In some ways, it was a night of political déjà vu.
In their second face-off in less than a week, Rick Perry and Mitt Romney kicked off Monday night's Republican presidential debate in Florida just as they did last week's forum in New Hampshire, with a spirited debate over the future of Social Security.
Perry opened his remarks with a noticeably softer tone toward the program, which he had previously described as a "Ponzi scheme" and a "miserable failure." This time out, the Texas governor insisted that he's not trying to take away the program from millions of Americans who depend on it for their monthly retirement checks.
"First off, the people who are on Social Security today need to understand something: Slam dunk, guaranteed, that program is going to be there in place" for people currently on Social Security, Perry insisted. "Those individuals that are moving towards being on Social Security, that program's going to be there for them when they arrive there."
But Romney wasn't about to let Perry's previous comments slide. He pressed Perry on his rhetoric, calling it "over the top and unnecessary and frightful to many people."
Perry, in turn, accused Romney of "trying to scare seniors," to which Romney quickly retorted, "The term 'Ponzi scheme' and talk of making it a state program is what scared seniors."
On the issue of whether the Social Security should be a state or federal program, the Texas governor interjected, "We ought to have that conversation."
"We're having that right now, governor. . . .We're running for president," Romney shot back.
You can watch the back and forth here, courtesy of CNN:
The exchange set the tone for much of the night. Perry's rivals aimed to chip away at the Texas governor's status as the race's current frontrunner. Among other things, Romney and Paul took aim at Perry's record on jobs in Texas while Jon Huntsman accused Perry of making a "treasonous" comment about the nation's lax border security.
In one of the other key exchanges of the night, Michele Bachmann (and later Rick Santorum) slammed Perry for his 2007 executive order requiring Texas schoolgirls to be vaccinated against HPV, a sexually transmitted disease that has been proven to cause cervical cancer.
Perry has repeatedly apologized for the order—and did so again tonight, calling it a "mistake."
"What was driving me obviously was making a difference in young people's lives," Perry said. "Cervical cancer is a terrible way to die."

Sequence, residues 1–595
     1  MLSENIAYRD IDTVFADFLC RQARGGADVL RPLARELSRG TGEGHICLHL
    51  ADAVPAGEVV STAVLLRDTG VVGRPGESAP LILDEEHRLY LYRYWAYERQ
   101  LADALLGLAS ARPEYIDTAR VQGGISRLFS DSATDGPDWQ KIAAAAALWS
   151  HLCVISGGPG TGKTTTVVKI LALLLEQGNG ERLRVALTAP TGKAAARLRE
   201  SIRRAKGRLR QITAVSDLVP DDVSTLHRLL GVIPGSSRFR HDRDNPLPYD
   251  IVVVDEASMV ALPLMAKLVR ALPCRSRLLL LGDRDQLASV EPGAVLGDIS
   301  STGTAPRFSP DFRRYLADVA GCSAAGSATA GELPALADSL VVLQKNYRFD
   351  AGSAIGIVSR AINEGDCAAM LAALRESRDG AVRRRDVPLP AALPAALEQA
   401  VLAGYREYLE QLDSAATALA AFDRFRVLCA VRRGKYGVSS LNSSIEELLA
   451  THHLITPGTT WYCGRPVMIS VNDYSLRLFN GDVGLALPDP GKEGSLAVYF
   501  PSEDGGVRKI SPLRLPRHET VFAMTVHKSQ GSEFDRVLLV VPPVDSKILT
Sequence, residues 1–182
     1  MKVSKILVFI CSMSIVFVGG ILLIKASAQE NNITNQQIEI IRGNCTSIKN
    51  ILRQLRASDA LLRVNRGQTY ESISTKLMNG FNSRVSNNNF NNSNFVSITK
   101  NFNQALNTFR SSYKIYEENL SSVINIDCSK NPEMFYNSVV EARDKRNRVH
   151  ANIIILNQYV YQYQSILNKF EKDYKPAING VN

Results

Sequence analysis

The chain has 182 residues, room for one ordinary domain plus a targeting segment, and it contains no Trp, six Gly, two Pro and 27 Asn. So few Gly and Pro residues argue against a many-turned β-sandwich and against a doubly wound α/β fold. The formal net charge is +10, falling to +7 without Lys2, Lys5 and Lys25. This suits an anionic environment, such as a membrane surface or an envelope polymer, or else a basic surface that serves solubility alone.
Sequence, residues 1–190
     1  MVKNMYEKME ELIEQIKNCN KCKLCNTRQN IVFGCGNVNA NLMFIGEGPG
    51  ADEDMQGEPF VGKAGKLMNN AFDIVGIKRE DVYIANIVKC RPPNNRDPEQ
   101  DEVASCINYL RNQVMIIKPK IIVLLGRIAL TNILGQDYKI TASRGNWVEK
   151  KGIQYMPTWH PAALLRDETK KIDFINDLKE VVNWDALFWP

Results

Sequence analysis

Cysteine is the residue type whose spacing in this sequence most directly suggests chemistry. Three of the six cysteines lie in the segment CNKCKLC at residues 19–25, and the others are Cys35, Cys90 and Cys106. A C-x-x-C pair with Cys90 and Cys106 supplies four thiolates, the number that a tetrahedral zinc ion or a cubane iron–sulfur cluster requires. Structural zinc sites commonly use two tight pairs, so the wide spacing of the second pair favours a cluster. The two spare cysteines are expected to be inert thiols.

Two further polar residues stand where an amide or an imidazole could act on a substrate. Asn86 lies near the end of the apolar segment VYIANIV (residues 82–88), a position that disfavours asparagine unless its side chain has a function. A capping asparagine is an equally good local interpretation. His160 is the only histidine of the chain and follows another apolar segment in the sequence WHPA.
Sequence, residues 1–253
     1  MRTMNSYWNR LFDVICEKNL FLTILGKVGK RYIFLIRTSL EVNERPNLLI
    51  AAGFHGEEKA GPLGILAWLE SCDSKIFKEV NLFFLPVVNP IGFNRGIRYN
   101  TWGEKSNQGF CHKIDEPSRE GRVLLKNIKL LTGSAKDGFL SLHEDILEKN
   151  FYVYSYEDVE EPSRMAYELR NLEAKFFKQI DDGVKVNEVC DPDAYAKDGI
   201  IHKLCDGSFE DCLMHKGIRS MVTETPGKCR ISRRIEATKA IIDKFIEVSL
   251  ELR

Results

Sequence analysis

But Bachmann slammed the Texas governor, questioning whether he was motivated by the idea of preventing cancer or if he was motivated by lobbying from the drug's producer, Merck.
The Minnesota congresswoman noted that a former chief of staff for Perry became one of Merck's top lobbyists in Texas and suggested that the governor steered the vaccination contract in exchange for a $5,000 donation.
"Was this about life? Or was it about million of dollars and potential billions for a drug company?" Bachmann demanded.
"It was a $5,000 contribution that I had received from them," Perry replied. "I raise about $30 million. If you're saying I can be bought for $5,000, I'm offended."
It was the best political moment in weeks for the Minnesota congresswoman, who has struggled for attention ever since Perry joined the race last month. Bachmann's campaign had cast Monday's debate as a moment when their candidate would regain momentum.
The HPV issue is sure to play big with evangelicals and other social conservatives—especially in the first-caucus state of Iowa. But was unclear whether the exchange would help Bachmann to regain her status as a frontrunner in the GOP primary race, which has been dominated by the Romney vs. Perry showdown in recent weeks.
Indeed, Bachmann still struggled for attention at the debate, which was sponsored by CNN and the Tea Party Express. Until the debate's final half hour, Bachmann was largely overshadowed, even by rivals Huntsman, Herman Cain and Newt Gingrich—who received more questions tonight than in past debates.
Gingrich offered his best debate performance, at one point shifting the back and forth away from Romney and Perry's squabbles and to Republican attempts to defeat President Obama—which earned him enthusiastic applause from the tea party audience.
But it was Perry who seemed to face the most intensive scrutiny. Perry clearly seemed prepared for some of the questioning, including on Social Security, but he seemed a bit more ill at ease than he did during last week's New Hampshire debate. As his rivals fielded questions, the camera caught Perry looking toward the ceiling or fidgeting—a very different body language than that exhibited by Mitt Romney, who stared at his opponents as they answered questions.
But it's hard to say if Romney or other rivals did anything to derail Perry's steady rise in the polls. Only once did the crowd boo the Texas governor--and that was when Perry defended a law he passed in Texas that gave children of illegal immigrants access to in-state tuition at Texas universities, a measure that later inspired the federal DREAM Act backed by President Obama.
As the audience jeered, Perry insisted his legislation simply helps illegal immigrants become "contributing members of our society, rather than be on the dole."
"If you've been in the state of Texas for three years, and working toward citizenship, you pay in-state tuition," Perry declared. "It doesn't matter what the sound of your last name is. That's the American way."